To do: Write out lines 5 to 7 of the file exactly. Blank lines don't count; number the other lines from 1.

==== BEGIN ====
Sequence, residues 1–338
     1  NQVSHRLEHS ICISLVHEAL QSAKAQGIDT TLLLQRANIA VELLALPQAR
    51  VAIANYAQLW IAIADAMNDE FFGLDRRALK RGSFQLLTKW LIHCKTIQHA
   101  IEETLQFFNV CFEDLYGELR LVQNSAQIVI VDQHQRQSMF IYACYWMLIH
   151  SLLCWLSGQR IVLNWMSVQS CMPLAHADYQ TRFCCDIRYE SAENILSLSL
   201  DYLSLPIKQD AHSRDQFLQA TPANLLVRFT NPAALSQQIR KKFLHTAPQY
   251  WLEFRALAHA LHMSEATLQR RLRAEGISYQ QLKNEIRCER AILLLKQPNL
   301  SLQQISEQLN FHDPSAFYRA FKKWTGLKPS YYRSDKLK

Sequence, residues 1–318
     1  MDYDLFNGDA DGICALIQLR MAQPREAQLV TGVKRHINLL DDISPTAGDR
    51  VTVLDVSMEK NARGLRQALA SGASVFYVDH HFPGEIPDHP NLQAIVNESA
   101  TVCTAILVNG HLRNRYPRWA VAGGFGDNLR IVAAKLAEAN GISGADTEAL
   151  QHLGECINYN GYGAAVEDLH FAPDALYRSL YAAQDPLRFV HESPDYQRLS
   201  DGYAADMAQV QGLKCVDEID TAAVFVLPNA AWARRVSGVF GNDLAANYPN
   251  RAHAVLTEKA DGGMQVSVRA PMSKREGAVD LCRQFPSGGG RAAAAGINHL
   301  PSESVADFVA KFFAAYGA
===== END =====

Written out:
   151  SLLCWLSGQR IVLNWMSVQS CMPLAHADYQ TRFCCDIRYE SAENILSLSL
   201  DYLSLPIKQD AHSRDQFLQA TPANLLVRFT NPAALSQQIR KKFLHTAPQY
   251  WLEFRALAHA LHMSEATLQR RLRAEGISYQ QLKNEIRCER AILLLKQPNL